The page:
Reading Comics author Douglas Wolk runs down the hottest comics and graphic novels coming out this week.


* Congress

^ Justice Dept.

% Bureau of the Interior

¢ Alcohol, Tobacco and Firearms


It's been a while since we've heard from Dave McKean in comics, and his new book is a not-very-plot-heavy thing involving a lot of large images and a lot of very stylized nudity and sex. Not Cages II, in other words.


Gilbert and Mario Hernandez's miniseries from last year wasn't the most intelligible thing they've ever done, but it did give Beto a chance to draw a bunch of robots and other sci-fi accoutrements, which is always welcome.


im Woodring's extraordinary new Frank book (this time concentrating on Frank himself again, rather than Manhog as in last year's Weathercraft): whimsy on top, fabulism in the middle, collective-unconscious terror extending from the bottom layer straight through to the center of the universe. Even if there were anyone else doing anything like his comics, he'd still be the best at it.


Ed Brubaker and Sean Phillips' series of linked crime miniseries returns. This is the project that's clearly closest to their hearts in the same way that, say, Casanova is the closest to Matt Fraction's.


Maybe the most promising of the approximately five hundred and fifty Flashpoint tie-in miniseries, coinciding with the second issue of the mother title, is written by Peter Milligan (it prominently involves Shade the Changing Man, in an incarnation that appears to owe as much to Steve Ditko's original as to Milligan's earlier interpretation) and drawn by George Pérez and Scott Koblish. Given that the Pérez-drawn Final Crisis: Legion of Three Worlds miniseries staggered across the finish line months after Final Crisis itself, I'm not quite willing to bet on this one sticking to its schedule, but I've got hope. Also this week: Flashpoint: Batman - Knight of Vengeance, a double-conjunction miniseries by the 100 Bullets (and Batman-in-Wednesday Comics) team of Brian Azzarello and Eduardo Risso. Here's hoping it's better than their "Spaceman" story that came out last week.

¢ ISLE OF 100,000 GRAVES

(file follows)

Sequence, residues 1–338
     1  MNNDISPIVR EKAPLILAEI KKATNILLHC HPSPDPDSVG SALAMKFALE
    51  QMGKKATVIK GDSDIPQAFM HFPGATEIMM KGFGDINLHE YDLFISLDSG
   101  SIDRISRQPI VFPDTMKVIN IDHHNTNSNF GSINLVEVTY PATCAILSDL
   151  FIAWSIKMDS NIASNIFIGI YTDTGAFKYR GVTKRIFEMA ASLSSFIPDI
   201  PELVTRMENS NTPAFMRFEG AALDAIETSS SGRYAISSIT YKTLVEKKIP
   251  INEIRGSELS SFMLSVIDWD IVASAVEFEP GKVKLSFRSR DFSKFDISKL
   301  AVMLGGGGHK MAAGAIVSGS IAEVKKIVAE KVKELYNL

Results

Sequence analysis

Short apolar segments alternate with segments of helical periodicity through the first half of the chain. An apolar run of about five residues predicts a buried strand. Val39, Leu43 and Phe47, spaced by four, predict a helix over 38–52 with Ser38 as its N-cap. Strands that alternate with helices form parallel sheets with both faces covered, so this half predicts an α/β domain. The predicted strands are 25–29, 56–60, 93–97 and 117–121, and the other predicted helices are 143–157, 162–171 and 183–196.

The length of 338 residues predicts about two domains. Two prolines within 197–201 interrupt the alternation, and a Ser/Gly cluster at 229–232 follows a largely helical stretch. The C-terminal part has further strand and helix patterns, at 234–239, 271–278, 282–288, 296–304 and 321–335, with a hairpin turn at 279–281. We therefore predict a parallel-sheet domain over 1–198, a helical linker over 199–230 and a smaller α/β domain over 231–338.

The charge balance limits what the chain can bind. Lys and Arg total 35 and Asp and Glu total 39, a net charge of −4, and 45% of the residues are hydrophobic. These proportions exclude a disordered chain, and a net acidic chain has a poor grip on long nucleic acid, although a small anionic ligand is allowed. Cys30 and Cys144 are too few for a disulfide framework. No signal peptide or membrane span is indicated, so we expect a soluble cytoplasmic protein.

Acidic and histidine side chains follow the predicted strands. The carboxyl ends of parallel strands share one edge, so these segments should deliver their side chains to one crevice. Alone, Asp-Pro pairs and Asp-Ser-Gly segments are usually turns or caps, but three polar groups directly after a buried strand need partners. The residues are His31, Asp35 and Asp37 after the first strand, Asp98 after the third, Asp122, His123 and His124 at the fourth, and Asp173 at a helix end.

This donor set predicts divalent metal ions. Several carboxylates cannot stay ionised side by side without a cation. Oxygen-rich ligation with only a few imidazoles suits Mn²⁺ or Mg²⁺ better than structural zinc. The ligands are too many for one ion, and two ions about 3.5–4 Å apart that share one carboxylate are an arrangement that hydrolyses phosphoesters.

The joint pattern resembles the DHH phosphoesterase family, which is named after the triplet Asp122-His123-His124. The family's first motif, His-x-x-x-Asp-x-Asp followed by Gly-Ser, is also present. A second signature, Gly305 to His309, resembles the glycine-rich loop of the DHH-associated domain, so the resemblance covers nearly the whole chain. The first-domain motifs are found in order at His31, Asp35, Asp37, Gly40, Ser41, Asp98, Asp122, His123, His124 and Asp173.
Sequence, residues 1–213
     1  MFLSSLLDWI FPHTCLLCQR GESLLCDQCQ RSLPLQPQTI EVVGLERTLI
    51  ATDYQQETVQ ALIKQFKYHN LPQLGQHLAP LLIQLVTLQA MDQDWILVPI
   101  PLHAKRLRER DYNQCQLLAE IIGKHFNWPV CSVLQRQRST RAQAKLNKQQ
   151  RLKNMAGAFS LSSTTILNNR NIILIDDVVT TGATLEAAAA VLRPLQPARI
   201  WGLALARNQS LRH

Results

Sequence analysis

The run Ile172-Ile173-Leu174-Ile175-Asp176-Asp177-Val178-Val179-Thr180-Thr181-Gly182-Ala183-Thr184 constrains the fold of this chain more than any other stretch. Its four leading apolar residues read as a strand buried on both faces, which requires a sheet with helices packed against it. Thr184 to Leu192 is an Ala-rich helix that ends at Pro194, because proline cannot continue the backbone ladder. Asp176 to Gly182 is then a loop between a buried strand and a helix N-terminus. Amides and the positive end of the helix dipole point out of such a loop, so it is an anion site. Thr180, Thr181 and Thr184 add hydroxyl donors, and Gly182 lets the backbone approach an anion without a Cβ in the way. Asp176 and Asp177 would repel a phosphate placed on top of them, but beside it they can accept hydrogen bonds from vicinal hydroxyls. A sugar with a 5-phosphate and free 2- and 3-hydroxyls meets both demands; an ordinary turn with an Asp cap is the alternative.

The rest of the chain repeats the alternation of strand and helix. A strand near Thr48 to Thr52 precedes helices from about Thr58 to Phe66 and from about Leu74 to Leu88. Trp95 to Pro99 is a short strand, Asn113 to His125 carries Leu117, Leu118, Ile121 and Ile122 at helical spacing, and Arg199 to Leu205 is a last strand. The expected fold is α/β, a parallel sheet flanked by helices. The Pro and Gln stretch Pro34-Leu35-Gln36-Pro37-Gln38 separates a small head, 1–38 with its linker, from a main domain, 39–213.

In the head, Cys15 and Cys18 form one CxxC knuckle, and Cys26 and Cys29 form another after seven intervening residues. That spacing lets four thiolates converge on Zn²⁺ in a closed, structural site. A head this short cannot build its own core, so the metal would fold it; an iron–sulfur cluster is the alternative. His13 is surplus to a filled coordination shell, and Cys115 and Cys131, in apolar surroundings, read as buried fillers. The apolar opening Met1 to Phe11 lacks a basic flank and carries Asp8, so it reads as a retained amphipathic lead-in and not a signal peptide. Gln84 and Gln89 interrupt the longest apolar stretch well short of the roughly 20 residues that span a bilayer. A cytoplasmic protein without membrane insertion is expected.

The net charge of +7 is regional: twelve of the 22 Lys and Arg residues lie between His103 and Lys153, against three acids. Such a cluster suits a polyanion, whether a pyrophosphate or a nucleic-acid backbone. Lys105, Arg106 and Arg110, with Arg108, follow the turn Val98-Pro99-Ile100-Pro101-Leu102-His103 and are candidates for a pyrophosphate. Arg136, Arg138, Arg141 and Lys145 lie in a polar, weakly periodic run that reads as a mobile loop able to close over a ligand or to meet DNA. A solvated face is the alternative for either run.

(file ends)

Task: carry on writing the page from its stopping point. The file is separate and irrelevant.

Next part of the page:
The awesome Norwegian cartoonist Jason works with a separate writer for the first time I can remember: Fabien Vehlmann, who gives him a deadpan story about pirates and buried treasure that's right up his alley.

% iZOMBIE #14

Chris Roberson and Michael Allred's monster-mash series has easily the best cover of this week; it involves Skee-Ball with brains.


Brian Michael Bendis and Alex Maleev continue the adventures of their version of Bill Sienkiewicz's signature superhero character, whose central premise is that Moon Knight is totally deranged and believes he's an entire team of Avengers. It seems to tie in with Bendis's Avengers plots, too.


I really liked this Kelly Sue DeConnick/Emma Rios miniseries, in which it appears that the Gitmo equivalent of the Marvel Universe is an extralegal underwater prison populated by psychotic supervillains. The collection includes a backup strip by Warren Ellis and Jamie McKelvie that appeared in the first issue. And if your ears perk up at the mention of Ellis, you'll probably enjoy the rest of this particular book, too.

^ ¢ S.H.I.E.L.D. #1

It baffles me that this Jonathan Hickman/Dustin Weaver series about the history of science in the Marvel Universe has to get the "OK, you bastards, if we relaunch this then will you read it?" treatment--I can't see why somebody who enjoys, say, Hickman's Fantastic Four wouldn't be into the story, and it might be the most consistently good-looking series Marvel publishes right now.


Howard Cruse's 1995 graphic novel about a semiautobiographical character growing up gay in the deep South during the civil rights movement was way ahead of its time. This edition, now in paperback, has an introduction by Alison Bechdel. Recommended reading: Cruse's history of the four years he spent writing and drawing the book.


In which Fantagraphics begins its complete reprint of Floyd Gottfredson's classic run on the Mickey Mouse newspaper comic strip (actually beginning a few months earlier, with the initial strips, in whose creation Disney himself participated). Nicely designed? But of course.

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